To read more, please see

http://www.theguardian.com/us-news/2016/may/02/sexual-harassment-training-failing-women

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5. National Mentoring Community
From: Daryl Haggard via the Equity and Inclusion FB page

The National Mentoring Community (NMC) is an effort by the APS to increase the number of underrepresented minority students who complete Bachelor's degrees in physics. The statistics of participation by African Americans, Hispanic Americans and Native Americans in physics are appalling. Physics ranks the lowest at all levels of participation among science and mathematical fields.

The NMC is identifying mentors throughout the country who can establish a personal relationship with students and provide them with guidance and support as they navigate their academic careers. Mentees will be identified by mentors, and the program will provide support to help mentees and mentors get the most out of their relationship.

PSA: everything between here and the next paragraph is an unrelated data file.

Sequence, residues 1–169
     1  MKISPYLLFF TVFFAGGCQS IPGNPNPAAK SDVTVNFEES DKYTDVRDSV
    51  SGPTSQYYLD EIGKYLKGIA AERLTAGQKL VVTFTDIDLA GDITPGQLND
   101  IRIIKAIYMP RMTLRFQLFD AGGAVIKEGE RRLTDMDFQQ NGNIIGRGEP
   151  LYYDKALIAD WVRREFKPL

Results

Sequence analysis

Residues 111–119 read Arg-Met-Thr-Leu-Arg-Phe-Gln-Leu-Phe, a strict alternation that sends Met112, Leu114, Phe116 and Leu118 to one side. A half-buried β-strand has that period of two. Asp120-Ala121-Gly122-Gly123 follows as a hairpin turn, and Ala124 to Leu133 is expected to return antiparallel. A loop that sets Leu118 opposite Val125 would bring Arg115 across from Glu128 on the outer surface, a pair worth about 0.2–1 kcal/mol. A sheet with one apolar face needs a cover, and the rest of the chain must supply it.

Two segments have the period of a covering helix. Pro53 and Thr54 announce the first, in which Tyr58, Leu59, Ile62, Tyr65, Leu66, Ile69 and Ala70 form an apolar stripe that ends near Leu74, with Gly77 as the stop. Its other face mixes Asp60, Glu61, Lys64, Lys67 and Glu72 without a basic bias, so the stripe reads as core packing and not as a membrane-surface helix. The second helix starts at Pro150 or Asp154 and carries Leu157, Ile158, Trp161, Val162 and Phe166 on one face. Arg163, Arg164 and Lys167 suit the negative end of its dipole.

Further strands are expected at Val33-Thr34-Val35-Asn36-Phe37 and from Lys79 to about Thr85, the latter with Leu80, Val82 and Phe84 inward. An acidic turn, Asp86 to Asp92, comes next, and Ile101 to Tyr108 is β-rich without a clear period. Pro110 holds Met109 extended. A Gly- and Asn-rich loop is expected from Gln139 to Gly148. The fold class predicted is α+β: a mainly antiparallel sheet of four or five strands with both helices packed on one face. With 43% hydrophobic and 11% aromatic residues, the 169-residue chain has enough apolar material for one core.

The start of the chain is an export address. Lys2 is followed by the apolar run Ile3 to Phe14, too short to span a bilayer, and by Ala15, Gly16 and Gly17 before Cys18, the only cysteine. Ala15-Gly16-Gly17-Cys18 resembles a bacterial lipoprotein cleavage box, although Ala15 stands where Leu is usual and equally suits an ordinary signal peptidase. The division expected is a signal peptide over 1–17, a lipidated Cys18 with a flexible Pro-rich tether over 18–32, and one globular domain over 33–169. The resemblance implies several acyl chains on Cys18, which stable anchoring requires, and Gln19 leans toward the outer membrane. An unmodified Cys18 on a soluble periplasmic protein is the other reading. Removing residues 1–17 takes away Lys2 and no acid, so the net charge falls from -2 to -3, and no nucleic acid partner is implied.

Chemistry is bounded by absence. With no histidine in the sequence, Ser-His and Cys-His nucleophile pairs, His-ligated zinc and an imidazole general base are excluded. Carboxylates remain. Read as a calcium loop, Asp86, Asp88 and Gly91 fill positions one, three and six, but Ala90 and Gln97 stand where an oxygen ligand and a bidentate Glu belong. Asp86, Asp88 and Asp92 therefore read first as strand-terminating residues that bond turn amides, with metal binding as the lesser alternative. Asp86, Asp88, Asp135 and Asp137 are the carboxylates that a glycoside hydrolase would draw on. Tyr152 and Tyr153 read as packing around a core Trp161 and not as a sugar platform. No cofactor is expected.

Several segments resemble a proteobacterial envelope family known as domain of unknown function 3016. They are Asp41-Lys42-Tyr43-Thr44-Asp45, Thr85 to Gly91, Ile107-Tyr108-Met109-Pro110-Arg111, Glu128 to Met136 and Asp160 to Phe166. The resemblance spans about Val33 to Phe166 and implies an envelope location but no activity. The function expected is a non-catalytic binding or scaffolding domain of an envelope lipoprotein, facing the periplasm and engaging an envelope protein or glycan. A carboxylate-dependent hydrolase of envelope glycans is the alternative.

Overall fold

To learn more, please see

http://www.aps.org/programs/minorities/mentoring

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6. The Astronaut Scholarship Foundation
From: Daryl Haggard via the Equity and Inclusion FB page

Created by the Mercury 7 Astronauts

OUR MISSION: To aid the United States in retaining its world leadership in science and technology by providing college scholarships for the very best and brightest students pursuing science, technology, engineering or math degrees.